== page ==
Adding managed_jar_dependencies docs to 3rdparty_jvm.md.

Review Request #3776 — Created April 28, 2016 and submitted

gmalmquist
pants
gmalmquist/managed-jar-dependencies-docs
3294
pants-reviews
benjyw, jsirois, stuhood, zundel
This adds a large section explaining the motivation behind and the
use of `managed_jar_dependencies` and `managed_jar_libraries`.

Generated doc site looks the way it is supposed to: http://pantsbuild.github.io/staging/gmalmquist/3rdparty_jvm.html#managing-transitive-dependencies

  • 0
  • 0
  • 2
  • 0
  • 2
Description From Last Updated
  1. Hey Garrett,

    To make it easier to review a doc change, you can publish a preview that everyone can see with

    ./build-support/bin/publish-docs.sh -p -d gmalmquist
    

    It will upload to the website under a directory staging/gmalmquist

    1. Thanks for the tip, up at http://pantsbuild.github.io/staging/gmalmquist/3rdparty_jvm.html#managing-transitive-dependencies

    2. Thanks! Can you re-generate the graphic so it isn't so ... tall?

  2. 
      
  1. 
      
  2. It may be worth noting why a simple 'strict' conflict-manager (http://ant.apache.org/ivy/history/2.4.0/settings/conflict-managers.html) is not enough.  This is my 1st question when reading this at any rate.
    Afaict there are 2 reasons:
    1. this allows you to re-define a single strict version number instead of fail when version numbers are different.
    2. this allows you to be selectively strict for only certain deps and not the whole repo.
    1. Yeah; you could do it with strict and lots and lots of carefully tailored excludes, but it's a bit unweildy unless you had a good way to generate the excludes (like what foursquare does).

    2. I'm not sure that it's currently unclear why you'd want managed_jar_libraries instead of using ivy's strict conflict manager.

      I think the build system doing what you want it to do and successfully building with the correct transitive artifacts is clearly more desirable than it just failing.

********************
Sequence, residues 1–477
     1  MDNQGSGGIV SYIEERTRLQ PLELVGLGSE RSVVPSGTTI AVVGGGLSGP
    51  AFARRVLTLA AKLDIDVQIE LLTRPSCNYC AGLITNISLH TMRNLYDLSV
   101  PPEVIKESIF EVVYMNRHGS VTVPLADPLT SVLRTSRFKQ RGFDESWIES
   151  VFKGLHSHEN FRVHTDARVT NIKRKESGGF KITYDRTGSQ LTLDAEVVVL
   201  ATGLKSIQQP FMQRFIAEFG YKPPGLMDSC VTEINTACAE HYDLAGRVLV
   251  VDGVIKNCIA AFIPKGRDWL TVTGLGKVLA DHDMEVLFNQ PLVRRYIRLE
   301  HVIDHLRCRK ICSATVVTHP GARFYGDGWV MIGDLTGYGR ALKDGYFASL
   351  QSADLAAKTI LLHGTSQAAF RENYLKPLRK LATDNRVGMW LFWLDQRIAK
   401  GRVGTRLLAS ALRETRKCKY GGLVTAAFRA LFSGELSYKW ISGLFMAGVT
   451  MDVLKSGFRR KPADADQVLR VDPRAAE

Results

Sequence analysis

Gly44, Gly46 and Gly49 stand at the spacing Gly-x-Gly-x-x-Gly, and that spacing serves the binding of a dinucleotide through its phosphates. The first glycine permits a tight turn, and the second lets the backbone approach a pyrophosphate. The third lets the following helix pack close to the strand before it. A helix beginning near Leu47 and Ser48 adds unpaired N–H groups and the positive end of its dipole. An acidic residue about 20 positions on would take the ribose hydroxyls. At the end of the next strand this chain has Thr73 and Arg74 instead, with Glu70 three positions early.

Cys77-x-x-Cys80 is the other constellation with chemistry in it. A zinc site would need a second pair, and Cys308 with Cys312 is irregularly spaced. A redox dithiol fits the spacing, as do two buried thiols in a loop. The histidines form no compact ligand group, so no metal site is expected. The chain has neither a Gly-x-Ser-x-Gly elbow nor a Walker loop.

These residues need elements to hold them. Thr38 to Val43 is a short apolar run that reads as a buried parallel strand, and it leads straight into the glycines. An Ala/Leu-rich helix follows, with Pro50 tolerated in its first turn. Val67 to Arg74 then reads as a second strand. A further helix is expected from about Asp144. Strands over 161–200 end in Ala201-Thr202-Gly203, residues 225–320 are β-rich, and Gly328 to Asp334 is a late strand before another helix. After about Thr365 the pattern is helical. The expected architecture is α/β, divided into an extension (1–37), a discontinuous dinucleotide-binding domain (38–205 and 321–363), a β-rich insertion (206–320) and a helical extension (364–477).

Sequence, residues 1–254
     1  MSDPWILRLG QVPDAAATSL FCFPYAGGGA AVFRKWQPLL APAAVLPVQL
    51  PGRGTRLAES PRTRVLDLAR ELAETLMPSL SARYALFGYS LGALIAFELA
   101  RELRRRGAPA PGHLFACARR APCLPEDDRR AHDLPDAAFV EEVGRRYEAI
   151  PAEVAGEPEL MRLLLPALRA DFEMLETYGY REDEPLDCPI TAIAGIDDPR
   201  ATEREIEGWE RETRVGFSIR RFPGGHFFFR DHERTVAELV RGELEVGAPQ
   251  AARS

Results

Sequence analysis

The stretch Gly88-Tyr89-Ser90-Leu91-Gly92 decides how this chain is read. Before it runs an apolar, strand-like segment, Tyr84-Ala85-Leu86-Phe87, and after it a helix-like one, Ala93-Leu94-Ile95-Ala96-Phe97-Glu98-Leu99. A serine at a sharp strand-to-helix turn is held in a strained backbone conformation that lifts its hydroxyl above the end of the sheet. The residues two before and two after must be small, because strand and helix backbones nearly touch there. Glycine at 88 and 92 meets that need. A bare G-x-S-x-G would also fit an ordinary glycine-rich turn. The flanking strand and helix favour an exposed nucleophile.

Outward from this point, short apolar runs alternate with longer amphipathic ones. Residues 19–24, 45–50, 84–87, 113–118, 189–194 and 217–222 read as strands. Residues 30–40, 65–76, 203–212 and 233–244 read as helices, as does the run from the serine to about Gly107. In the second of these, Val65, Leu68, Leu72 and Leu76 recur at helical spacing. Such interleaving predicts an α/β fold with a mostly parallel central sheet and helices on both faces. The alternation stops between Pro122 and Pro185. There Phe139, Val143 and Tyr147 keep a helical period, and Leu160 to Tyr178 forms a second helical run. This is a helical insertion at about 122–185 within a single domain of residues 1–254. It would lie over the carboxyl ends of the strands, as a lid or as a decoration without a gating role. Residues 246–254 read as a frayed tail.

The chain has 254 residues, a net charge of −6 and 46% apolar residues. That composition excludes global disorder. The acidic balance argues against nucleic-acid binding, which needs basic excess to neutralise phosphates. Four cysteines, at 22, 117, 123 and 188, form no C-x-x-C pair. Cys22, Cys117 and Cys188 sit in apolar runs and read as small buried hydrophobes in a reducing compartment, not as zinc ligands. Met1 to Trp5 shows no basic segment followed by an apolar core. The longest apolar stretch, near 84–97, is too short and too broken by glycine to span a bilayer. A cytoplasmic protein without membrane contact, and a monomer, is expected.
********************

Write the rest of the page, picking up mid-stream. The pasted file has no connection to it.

3. I don't think its clearly better but I'm happy to have this addition left out.
      
      I say its not clearly better, because a managed dep added today, silently alters expected versions of 3rdparty libs a year later.  The compile success will stop egregious issues, but there is no sure runtime success.  A fail fast may feel inconvenient, but it at least forces a dev to come to grips with doing the analysis or saying, lets just go for it and see if it flies.
  3. 
      
  1. 
      
  2. s/intermediary/intermediate/ (When I think of an intermediary I think of a person)

  3. Worth mentioning that recompiling the same target with different jar resolutions is a feature of pants that can be useful, but may not be what you want.

  4. I wouldn't say this. I think you can do this in maven too effectively by having multiple parent poms.

  5. 
      
  1. 
      
  2. Let's list a few reasons why you might want the same ones:

    • Predictable behavior across all apps
    • Security concerns may make you want to ensure you are at a certain version of a jar to avoid known vulnerabilities.
    • Caching concerns (which you mention below)
  3. I think Right here you could add a section called 'possible solutions'. Using strict deps in ivy might be one. Explicitly listing every jar you want on each target is another. using managed dependencies is a third option.

    You could then explain in the next paragraph how it works and why it is better than the previous 2 solutions.

  4. 
      
  1. I'd still like to see the diagram made shorter. The arrows are taking up a lot of vertical space.

  2. s/cache-trash/cache thrashing/

  3. s/multiple different/multiple/

    or choose different, but using both words sounds redundant to me.

  4. s/what/which/

  5. 
      
  1. Ship It!
  2. 
      
  1. Ship It!
    1. I was chatting with Benjy and he reqested that we not merge this until after he lands is mega refactor.

    2. Oh okay.

  2. 
      
  1. Ship It!
  2. 
      
Review request changed

Status: Closed (submitted)

Change Summary:

In 807d746a4c049b97dd462dea9247d6b162aa42ac, thanks John and Eric!

Loading...